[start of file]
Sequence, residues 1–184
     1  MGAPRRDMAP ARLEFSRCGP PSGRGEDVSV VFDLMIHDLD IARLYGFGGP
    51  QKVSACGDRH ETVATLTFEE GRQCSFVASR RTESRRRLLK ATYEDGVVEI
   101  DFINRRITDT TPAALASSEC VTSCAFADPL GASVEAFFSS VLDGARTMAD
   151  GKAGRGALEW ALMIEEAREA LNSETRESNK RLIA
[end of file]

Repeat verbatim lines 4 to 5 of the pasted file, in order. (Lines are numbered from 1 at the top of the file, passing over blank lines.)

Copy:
   101  DFINRRITDT TPAALASSEC VTSCAFADPL GASVEAFFSS VLDGARTMAD
   151  GKAGRGALEW ALMIEEAREA LNSETRESNK RLIA